DevOps · deployment

Deployment strategies

Congratulations on building a fancy new thing, it’s brilliant, now it needs to be put somewhere so the rest of the world can enjoy it too.

There is one thing that you need to be aware of, and that is that there is an existing version of your thing already out and being used by the world.

The way that you deploy your new version depends on a few variables, that only you can answer.

There are three basic strategies:

  • Canary
  • Rolling/Incremental
  • Blue-Green

It’s bad practice to say that one is better than all others, because that’s not the case. You use the right one for the right usecase.


A Canary deployment is where a single instance of the new version is pushed to prod. It is treated the same as the existing instances (of the previous version) and will show very quickly if there are any problems with the new version.

Once it’s established that the canary version is working as desired then one of the other two deployment strategies can be implemented to replace the rest of the old version of application left out in production.


  • Lower risk - only a small number of requests are affected by the change.


  • Multiple versions of the application in production.


A rolling deployment strategy is where existing instances of one version of an application are slowly replaced by the new version, perhaps as the older versioned instances finish working on their current tasks.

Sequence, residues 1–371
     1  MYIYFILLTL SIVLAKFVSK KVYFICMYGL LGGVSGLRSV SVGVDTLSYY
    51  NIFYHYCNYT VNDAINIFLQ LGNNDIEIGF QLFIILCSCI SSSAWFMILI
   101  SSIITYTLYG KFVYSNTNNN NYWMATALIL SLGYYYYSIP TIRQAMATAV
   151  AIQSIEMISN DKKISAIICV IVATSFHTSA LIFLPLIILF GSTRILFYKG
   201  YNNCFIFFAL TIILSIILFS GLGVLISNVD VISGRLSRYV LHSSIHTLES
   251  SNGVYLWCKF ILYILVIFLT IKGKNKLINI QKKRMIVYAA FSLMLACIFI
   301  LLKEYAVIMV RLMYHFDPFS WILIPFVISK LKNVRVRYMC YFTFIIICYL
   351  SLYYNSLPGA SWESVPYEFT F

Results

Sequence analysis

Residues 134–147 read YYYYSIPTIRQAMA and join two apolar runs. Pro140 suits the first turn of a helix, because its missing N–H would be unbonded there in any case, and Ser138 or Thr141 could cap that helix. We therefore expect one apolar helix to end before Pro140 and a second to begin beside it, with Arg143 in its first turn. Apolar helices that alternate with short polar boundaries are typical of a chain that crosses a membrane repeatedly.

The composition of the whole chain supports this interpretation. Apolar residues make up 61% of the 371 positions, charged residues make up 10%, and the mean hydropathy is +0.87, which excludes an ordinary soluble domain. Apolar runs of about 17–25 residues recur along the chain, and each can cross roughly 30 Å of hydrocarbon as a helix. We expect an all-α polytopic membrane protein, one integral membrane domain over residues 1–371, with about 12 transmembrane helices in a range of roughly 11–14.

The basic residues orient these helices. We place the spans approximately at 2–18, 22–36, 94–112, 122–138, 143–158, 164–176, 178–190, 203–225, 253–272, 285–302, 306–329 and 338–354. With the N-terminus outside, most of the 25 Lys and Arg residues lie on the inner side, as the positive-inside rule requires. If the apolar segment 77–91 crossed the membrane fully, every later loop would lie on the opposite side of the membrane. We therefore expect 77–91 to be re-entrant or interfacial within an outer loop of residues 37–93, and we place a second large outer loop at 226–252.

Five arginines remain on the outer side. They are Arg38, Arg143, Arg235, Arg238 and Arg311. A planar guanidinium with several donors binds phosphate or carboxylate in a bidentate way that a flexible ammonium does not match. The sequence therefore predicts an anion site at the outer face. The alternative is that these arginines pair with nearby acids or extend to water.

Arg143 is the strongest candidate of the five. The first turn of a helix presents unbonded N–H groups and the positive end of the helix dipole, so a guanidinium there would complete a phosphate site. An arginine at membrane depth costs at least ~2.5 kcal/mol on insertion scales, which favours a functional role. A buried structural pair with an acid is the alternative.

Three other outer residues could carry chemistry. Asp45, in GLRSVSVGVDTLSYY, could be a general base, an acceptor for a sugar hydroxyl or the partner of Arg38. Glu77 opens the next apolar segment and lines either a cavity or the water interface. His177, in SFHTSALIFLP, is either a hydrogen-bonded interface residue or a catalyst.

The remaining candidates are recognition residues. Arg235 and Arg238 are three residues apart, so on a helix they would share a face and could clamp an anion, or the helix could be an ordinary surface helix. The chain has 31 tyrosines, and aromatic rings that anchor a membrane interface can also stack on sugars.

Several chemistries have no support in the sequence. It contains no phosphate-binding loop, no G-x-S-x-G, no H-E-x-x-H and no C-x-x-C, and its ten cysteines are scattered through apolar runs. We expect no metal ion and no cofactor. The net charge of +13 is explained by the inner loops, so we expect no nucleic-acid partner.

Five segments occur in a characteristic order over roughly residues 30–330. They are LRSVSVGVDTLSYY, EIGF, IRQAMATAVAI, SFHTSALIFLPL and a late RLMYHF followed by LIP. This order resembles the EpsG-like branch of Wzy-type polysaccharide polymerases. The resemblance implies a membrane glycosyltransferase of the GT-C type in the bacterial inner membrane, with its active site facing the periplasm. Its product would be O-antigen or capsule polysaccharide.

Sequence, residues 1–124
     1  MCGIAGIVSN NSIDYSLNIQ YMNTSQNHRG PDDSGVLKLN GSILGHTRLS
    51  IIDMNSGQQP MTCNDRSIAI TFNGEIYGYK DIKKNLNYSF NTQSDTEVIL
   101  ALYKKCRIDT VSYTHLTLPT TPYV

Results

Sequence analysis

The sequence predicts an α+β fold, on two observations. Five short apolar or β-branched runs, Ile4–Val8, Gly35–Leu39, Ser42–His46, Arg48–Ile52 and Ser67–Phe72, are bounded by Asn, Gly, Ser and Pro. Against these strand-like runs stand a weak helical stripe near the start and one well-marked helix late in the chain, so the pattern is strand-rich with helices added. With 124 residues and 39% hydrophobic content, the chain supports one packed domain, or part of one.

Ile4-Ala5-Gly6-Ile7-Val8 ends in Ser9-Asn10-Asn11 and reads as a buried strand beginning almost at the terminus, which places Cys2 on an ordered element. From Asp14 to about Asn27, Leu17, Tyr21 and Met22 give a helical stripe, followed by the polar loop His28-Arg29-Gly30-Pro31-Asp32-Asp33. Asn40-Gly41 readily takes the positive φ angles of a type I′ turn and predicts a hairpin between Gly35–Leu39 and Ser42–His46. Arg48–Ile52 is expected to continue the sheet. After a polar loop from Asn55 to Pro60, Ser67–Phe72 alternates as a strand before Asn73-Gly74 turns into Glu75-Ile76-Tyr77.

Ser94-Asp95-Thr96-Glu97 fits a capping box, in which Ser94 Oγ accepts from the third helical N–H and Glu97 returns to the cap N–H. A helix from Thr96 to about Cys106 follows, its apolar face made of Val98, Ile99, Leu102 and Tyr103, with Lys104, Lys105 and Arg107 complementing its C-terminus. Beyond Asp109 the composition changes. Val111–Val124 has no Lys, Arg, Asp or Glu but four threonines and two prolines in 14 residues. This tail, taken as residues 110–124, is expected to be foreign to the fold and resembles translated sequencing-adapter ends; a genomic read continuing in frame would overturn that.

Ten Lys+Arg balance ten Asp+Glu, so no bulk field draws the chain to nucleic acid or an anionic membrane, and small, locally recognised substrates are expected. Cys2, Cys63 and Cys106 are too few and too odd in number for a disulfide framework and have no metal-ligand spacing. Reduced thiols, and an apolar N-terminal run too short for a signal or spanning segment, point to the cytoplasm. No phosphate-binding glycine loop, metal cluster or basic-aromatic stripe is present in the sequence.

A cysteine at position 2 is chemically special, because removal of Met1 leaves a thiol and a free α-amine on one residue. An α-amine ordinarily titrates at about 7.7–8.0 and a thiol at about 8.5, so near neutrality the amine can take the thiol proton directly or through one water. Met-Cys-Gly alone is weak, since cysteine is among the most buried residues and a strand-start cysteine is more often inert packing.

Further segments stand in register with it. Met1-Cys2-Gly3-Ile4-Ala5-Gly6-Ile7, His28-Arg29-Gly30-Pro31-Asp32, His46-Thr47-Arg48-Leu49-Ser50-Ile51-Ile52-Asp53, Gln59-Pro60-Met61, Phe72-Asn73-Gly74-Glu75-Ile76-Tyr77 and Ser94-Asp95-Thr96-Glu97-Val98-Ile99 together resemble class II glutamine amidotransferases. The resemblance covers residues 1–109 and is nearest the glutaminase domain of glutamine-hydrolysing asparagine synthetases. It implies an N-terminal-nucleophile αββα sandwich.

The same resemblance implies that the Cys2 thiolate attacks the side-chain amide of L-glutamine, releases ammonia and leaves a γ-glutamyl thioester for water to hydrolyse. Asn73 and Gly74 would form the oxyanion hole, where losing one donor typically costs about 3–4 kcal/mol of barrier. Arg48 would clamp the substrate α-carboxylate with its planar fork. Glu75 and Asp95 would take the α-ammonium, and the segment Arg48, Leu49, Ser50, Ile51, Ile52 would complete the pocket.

• No interruption to service availability
  • If the new version has problems they can be spotted before the old version has been removed, allowing a rollback if needed with only limited numbers of users affected.


  • Multiple versions of the application in production.

Blue Green

A Blue Green deployment is where all of the old versions are replaced in one fell swoop with a set of the new versions. Usually the new versions are all created in their own environment and ready to go as soon as the switch is flicked.


  • Only one version of the application out in production


  • Downtime - there has to be time put aside for the changeover to take place. There’s no way that requests can be in progress in the old versions because they will die when the old versions are switched off.

Note: Rolling back is easy with Blue Green, with the condition that the deployment wasn’t a breaking change.

It should be clear that continuous deployment environments aren’t suited to a blue/green strategy (although it’s not impossible).

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